The main symptoms are:
Paralysis or numbness or inability to move parts of the face, arm, or leg – particularly on one side of the body.
Confusion- including trouble with speaking
Headache with vomiting
Trouble seeing in one or both        eyes
Metallic taste in the mouth
Difficulty in swallowing
Trouble in walking (impaired coordination)
Dystonia
Alexia
Agnosia
The risk factors include:
Overweight
Sedentary life
Binge Drinking
Diabetes
Smoking
High blood pressure
High cholesterol
Family history of stroke
Cardiovascular diseases
Age – people above age 55 are at higher risk
Gender – men are at high risk of stroke than women
Diagnosis
To determine the most appropriate stroke treatment, an emergency team needs to evaluate the type of stroke a person is having and the areas of the brain affected.
Physical examination
The patient’s symptoms, medical history, blood pressure, and blood vessels at the back of the eyes are checked.
Blood test
To find out the time taken for clotting of blood.
CT scan
Images of the brain can show a haemorrhage, tumour, stroke, or other medical conditions.
Ultrasound
To check the blood flow in the carotid arteries and to check for plaque, if any.
Magnetic resonance imaging (MRI)
MRI of brain tissue to diagnose an ischemic stroke or brain haemorrhages.
Cerebral angiogram
Dyes are injected to get a detailed view of brain and neck blood vessels visible under X-ray.
Echocardiogram
To check for any sources of clots that could have travelled to the brain and led to a stroke.
Treatments
Treatment is based on the type of stroke. For ischemic stroke or transient ischemic attack, medication or surgery or both can be recommended and for hemorrhagic stroke, surgery is recommended.
Complications
Stroke may lead to severe complications:
• Paralysis or loss of muscle movement: The patient may become paralyzed on one side of the body, or lose control of certain muscles, such as those on one side of the face or one arm
• Difficulty in talking or swallowing
• Memory loss or thinking difficulties: It also affects thinking, making judgments, reasoning, and understanding concepts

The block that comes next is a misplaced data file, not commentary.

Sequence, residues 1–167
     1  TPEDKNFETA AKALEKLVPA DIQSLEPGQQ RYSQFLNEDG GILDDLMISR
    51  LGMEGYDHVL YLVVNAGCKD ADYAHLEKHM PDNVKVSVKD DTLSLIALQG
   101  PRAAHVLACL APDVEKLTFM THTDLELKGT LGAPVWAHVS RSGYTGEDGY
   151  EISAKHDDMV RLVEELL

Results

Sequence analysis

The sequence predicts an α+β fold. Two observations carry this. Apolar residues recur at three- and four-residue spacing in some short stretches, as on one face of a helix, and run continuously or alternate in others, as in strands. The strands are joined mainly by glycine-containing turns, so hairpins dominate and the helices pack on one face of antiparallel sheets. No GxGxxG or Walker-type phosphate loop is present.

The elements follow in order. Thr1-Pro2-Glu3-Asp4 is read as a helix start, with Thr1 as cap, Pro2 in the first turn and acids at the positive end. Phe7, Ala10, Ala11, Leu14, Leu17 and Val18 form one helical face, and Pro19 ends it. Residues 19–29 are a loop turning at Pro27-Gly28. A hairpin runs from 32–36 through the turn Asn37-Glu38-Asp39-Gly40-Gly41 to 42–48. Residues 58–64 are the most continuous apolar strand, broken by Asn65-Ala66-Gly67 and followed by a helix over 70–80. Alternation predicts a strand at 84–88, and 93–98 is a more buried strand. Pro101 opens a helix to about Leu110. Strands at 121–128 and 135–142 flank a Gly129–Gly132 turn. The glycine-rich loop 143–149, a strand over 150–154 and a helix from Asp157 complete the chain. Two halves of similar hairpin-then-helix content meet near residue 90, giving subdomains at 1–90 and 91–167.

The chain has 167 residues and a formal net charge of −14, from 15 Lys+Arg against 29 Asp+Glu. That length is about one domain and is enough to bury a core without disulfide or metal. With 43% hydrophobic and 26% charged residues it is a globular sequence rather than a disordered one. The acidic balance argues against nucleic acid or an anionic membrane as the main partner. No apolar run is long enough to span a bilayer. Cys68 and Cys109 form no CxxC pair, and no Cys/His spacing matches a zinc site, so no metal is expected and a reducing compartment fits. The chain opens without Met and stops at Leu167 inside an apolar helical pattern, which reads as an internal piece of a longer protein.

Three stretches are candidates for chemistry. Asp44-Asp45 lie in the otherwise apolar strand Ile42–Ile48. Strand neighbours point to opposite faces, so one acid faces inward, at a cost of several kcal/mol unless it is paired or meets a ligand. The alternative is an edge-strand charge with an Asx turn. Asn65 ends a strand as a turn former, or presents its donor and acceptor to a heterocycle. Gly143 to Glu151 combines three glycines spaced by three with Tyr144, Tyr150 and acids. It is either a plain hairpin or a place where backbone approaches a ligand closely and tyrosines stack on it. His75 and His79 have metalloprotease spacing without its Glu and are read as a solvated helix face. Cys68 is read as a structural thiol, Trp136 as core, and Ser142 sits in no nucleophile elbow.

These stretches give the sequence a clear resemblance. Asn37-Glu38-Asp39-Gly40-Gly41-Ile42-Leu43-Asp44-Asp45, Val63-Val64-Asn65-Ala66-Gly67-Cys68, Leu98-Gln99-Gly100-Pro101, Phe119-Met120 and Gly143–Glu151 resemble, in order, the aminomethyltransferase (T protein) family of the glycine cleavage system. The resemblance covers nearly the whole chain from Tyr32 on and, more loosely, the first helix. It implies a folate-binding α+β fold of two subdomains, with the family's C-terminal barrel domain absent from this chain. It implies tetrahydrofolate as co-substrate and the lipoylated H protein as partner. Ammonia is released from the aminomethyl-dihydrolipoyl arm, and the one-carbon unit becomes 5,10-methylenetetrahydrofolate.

• Emotional problems: stroke survivors may develop depression
• Changes in behaviour and self-care ability: Stroke survivors may become more withdrawn and less social or more impulsive. They may need help with grooming and daily chores
Prevention
Many stroke prevention strategies are the same as the strategies to prevent heart disease. In general, some preventive tips for stroke patients are as follows:
• Diet and healthy eating: Following a proper diet may avoid the risk of a second stroke.
• Decreasing the amount of cholesterol and saturated fat in your diet.
• Controlling Diabetes
• Monitoring blood pressure: As high blood pressure exerts continuous pressure on the walls of the arteries it may lead to an arterial block.
• Avoiding illicit drugs
• Exercising: Consult your doctor before starting an exercise program.
• Quit smoking and alcohol.
Questions To Ask Your Doctor
• How long should I continue the medication?
• Can I stop the medication once the symptoms subside?
• How frequently should I do the follow-up check?
• What are the foods to avoid?
• When can I start going to work?
Nutrition
Foods to eat:
Fruits and vegetables: eat plenty of fruit and vegetables; between 5-7 servings per day
Whole grain bread and cereals containing fibre and vitamins: May reduce the risk of stroke
Lean protein: Limiting the amount of cholesterol is another important step in reducing the risk of another stroke
Choose low-fat meats or other protein
Limit salt:
Eating too much salt/sodium may cause you to retain water and raise your blood pressure
Foods to avoid:
Heavy cholesterol foods
foods rich in salt and sugar
Alcohol
Now, I assume that my reader might have understood somewhat knowledge about stroke and some dos and don’ts. May all of us escape from the bad effect of stroke forever.
Reference: Reader’s Digest Jan 2023.